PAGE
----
What does a hate-preacher do when YouTube bans his primary channel and he loses the most effective outlet for broadcasting his message?
Steven Anderson of Arizona’s (New Independent Fundamentalist) Faithful Word Baptist Church appears to have solved that problem by posting his sermons on a variety of smaller YouTube channels, or having his followers post them for him, to get around the ban on his own page.
It comes after 34 countries have banned him from entering their borders and after he began spreading misinformation about COVID.
Just to back up for a second, Anderson was banned from those countries due to his years of spreading bigotry. He celebrated the deaths of dozens of LGBTQ people at Pulse nightclub in Orlando by saying, “The good news [about the massacre] is that there’s 50 less pedophiles in this world, because… these homosexuals are a bunch of disgusting perverts and pedophiles.” He also said the U.S. government should execute homosexuals by way of a firing squad because that’s what the Bible commands. There are also the numerous misogynistic comments and Holocaust denialism.
Over the past few years, he’s been banned from entering the Netherlands and the Schengen area, which covers a huge swath of Europe. He was banned from Ireland, making him the first person blocked from entering the country under the exclusion powers granted by the nation’s Immigration Act 1999. (Section 4 of that Act says a person can be banned if it’s deemed “necessary in the interest of national security or public policy.”) In July of 2019, he was booted from Australia. And last October, even New Zealand kicked him out.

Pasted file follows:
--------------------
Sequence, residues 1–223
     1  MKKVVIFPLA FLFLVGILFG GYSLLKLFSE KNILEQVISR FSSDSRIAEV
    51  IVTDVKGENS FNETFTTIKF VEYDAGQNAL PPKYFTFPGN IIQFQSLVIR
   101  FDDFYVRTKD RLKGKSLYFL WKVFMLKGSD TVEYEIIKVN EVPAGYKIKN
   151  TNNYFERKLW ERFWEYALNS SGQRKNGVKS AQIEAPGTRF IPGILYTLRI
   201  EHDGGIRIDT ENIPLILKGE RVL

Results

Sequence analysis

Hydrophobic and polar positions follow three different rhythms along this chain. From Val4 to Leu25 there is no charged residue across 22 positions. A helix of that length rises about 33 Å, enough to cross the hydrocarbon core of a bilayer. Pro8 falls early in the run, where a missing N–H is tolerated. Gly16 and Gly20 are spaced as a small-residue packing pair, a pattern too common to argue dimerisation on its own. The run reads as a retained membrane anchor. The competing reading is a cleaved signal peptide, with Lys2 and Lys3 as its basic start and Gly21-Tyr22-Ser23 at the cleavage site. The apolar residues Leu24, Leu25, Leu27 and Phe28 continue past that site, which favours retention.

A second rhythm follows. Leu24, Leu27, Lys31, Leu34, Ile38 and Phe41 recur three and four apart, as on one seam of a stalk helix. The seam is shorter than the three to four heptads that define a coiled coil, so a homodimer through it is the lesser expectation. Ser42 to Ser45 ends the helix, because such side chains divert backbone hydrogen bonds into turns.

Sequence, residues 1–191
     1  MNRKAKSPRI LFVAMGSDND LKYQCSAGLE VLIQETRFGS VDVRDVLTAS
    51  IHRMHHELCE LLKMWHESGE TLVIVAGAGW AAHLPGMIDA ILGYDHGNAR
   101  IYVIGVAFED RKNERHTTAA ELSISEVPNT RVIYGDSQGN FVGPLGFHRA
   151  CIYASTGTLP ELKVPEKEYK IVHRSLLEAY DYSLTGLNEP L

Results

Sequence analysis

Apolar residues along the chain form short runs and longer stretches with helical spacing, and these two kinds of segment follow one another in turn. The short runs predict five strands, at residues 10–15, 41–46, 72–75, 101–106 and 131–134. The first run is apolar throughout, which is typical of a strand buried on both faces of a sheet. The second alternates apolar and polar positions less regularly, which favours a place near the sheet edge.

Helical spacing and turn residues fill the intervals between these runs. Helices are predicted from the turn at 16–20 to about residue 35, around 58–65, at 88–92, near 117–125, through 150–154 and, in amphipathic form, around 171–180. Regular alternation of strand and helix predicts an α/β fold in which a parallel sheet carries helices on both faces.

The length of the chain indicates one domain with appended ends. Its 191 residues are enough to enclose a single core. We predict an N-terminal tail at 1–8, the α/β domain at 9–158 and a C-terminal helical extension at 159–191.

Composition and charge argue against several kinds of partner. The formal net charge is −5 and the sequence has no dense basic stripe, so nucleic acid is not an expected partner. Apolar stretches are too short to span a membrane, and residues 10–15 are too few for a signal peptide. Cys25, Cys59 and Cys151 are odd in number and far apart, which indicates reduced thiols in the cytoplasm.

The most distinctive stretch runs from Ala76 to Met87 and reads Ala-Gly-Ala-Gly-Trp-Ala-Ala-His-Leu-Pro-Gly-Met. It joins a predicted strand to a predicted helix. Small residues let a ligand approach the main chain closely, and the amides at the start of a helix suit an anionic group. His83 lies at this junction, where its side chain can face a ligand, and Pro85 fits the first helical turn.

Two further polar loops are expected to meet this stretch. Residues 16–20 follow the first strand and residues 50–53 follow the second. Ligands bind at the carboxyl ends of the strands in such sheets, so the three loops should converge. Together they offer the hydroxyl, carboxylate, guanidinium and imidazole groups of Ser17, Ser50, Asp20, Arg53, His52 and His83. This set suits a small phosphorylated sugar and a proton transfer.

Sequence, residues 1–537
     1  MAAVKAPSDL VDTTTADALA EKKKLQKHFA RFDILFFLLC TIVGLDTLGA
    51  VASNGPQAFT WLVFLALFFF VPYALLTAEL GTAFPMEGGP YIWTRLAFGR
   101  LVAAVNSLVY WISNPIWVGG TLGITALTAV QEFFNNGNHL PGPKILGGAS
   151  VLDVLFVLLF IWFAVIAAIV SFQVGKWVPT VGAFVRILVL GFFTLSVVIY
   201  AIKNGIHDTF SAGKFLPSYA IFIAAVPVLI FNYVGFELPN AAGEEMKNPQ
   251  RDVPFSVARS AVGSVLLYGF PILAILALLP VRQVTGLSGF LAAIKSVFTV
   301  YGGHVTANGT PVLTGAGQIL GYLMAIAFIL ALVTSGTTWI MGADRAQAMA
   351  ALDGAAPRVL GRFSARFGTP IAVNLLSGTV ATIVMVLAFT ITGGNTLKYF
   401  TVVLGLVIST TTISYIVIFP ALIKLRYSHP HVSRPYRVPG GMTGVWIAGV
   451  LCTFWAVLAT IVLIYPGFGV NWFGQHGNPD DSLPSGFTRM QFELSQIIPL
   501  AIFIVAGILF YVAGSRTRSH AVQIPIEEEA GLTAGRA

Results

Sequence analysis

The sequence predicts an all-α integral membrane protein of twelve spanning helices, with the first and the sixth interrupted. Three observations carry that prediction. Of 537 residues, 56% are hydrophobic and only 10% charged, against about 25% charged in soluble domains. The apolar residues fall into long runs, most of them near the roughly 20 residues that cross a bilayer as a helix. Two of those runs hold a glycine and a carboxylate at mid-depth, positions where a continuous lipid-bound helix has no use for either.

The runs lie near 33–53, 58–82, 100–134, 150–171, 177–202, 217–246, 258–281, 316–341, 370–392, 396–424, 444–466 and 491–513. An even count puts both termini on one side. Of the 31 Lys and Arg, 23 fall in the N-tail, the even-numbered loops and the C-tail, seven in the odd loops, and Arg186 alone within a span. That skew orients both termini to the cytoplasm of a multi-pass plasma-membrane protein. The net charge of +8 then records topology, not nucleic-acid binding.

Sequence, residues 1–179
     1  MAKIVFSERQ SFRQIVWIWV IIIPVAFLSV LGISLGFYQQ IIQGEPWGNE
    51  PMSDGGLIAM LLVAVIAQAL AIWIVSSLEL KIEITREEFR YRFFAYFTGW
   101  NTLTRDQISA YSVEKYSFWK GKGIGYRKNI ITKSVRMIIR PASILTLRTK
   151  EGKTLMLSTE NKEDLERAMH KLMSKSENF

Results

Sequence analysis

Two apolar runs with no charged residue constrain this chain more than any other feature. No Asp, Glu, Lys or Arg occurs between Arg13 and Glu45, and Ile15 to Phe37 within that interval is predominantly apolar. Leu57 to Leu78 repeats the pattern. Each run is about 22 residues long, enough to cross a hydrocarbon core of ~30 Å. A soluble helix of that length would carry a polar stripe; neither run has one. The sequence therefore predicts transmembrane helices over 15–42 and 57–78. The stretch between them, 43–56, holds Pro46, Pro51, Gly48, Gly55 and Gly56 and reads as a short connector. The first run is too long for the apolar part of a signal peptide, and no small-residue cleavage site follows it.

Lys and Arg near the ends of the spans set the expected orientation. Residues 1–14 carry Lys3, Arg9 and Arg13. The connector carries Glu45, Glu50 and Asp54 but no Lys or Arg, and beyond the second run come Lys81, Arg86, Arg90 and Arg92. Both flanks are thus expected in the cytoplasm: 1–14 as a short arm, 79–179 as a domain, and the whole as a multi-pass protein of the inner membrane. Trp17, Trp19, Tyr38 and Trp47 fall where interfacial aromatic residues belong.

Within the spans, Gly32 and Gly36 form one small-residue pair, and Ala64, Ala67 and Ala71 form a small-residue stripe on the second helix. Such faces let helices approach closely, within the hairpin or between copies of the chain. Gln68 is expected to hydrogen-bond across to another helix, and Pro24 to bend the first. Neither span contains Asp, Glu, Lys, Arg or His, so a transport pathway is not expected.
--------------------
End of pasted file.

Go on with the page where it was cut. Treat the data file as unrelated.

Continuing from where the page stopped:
That’s all in addition to getting banned from Botswana, South Africa, the United Kingdom, Canada, and Jamaica.
He wears each ban as a badge of honor, as if he’s a Christian martyr. Like Westboro Baptist Church, he thinks all publicity is good publicity. He feels like every ban, and the attention resulting from it, is just another way to draw attention to his message.
But that theory only makes sense if there’s a way for him to spread that message. For years, that was YouTube.
That ended in early July, when YouTube banned his channel and a handful of others associated with him. According to the fundamentalist website Pulpit & Pen, “Anderson’s youtube pages had uploaded nearly 7000 videos, which were watched by more than 135,000 subscribers, and resulting in over 100 million views.”
Anderson told the website at the time that he would respond by starting “approximately 10 new YouTube channels in the next couple of days, each using unique phone numbers and email addresses.” He hoped to avoid the ban by simply not including any reference to his church or his name.
So what does that look like in practice? We’re finally starting to find out.
If you glance at his church’s website, all the sermons he’s delivered since July are still archived, with links to YouTube for each one of them… but they all go to a variety of places. As opposed to most churches, which direct people wanting to watch sermons to a single channel, Anderson is sending people all over the place. The thinking here sees to be that by playing this game of Christian Whac-A-Mole, YouTube won’t be able to “censor” him. Shutting down one channel won’t stop the others from promoting his content.
His last 18 sermons, dating back to the beginning of August, have been posted on 8 different channels, ranging from one with merely 26 subscribers to one with over 5,000. A few of the links point to now-“terminated” accounts. The channels that still exist include brand new ones (created as recently as this past Thursday) and ones that have been around for several years but were dormant for long periods of time.